By Andrew Brons.
We are used to UKIP being immune to criticism in the mainstream media. However, it appears now that it is to have immunity from criticism on social networking sites.
A member of the Green Party, Mr. Michael Abberton sent a series of tweets (no I don’t know what they are either) in which he questioned statements by UKIP. Somebody from UKIP then complained to the police in Cambridgeshire who visited Mr. Abberton at his home. There was never any question of Mr. Abberton’s tweets being illegal and the police told Mr. Abberton that.
If a person complains to the police about the conduct of another and it is clear that the conduct of that other person was not a criminal offence, the proper response of the police is clear. They should tell the complainant that no criminal offence has been committed and the matter should end there.
The only possible object of the police visit to Mr. Abberton’s house was intimidation.
I cannot believe that this visit was inspired by the Pro-UKIP sympathies of an isolated officer. It would seem that the officer in question had misunderstood an instruction from above and interpreted it too widely. I suspect that an instruction has been issued at the highest level for officers always to respond to attacks (i.e. physical attacks) on UKIPPERS and to prosecute the attackers. This officer thought he was expected to respond to verbal attacks too – even if no offence had been committed.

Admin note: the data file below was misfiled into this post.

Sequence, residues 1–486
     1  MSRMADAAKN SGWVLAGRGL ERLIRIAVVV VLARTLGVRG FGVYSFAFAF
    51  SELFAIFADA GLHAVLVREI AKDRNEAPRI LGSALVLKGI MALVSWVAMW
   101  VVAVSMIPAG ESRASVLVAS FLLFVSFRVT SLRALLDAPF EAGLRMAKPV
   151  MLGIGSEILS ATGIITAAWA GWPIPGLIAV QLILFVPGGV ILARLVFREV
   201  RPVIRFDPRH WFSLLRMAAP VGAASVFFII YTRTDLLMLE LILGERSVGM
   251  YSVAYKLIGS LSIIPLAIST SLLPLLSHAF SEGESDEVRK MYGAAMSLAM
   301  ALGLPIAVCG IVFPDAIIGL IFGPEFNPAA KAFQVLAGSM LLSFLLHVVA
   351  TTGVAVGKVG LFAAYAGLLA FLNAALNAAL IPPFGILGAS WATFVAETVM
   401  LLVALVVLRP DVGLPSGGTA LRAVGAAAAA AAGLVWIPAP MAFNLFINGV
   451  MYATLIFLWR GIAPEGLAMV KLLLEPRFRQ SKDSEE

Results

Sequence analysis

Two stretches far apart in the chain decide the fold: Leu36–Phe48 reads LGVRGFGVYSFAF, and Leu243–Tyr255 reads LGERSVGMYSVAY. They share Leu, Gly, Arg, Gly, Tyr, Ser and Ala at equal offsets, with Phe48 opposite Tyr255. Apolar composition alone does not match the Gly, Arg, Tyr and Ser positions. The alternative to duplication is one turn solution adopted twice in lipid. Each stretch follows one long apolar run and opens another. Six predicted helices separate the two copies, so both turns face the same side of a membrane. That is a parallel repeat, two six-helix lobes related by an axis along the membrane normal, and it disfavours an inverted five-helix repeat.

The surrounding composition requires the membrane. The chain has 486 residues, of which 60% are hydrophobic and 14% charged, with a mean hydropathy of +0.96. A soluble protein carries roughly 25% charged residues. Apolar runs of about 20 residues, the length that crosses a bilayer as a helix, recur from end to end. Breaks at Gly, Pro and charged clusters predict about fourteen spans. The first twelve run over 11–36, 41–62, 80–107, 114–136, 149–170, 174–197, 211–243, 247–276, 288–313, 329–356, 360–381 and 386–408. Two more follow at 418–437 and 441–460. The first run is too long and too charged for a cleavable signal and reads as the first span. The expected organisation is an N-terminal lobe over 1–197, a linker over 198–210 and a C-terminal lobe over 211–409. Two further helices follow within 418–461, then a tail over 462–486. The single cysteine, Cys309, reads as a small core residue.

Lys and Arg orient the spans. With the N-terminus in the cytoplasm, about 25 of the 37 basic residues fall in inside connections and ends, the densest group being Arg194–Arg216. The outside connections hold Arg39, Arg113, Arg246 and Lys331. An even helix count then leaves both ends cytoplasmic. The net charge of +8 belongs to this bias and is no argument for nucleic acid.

There would be nothing wrong with the police prosecuting people who launch physical attacks on UKIP except that it should apply to anybody or party attacked and not just UKIP. Specifying one particular party implies that there should not necessarily be such a response in the case of other parties being attacked. We know that from the physical attack on me and my former colleague, on College Green, opposite Parliament, in June 2009, just after our election. There was a police presence across the road. They witnessed metal darts being thrown at us but remained where they were and did precisely nothing – presumably because that is what they had been told to do.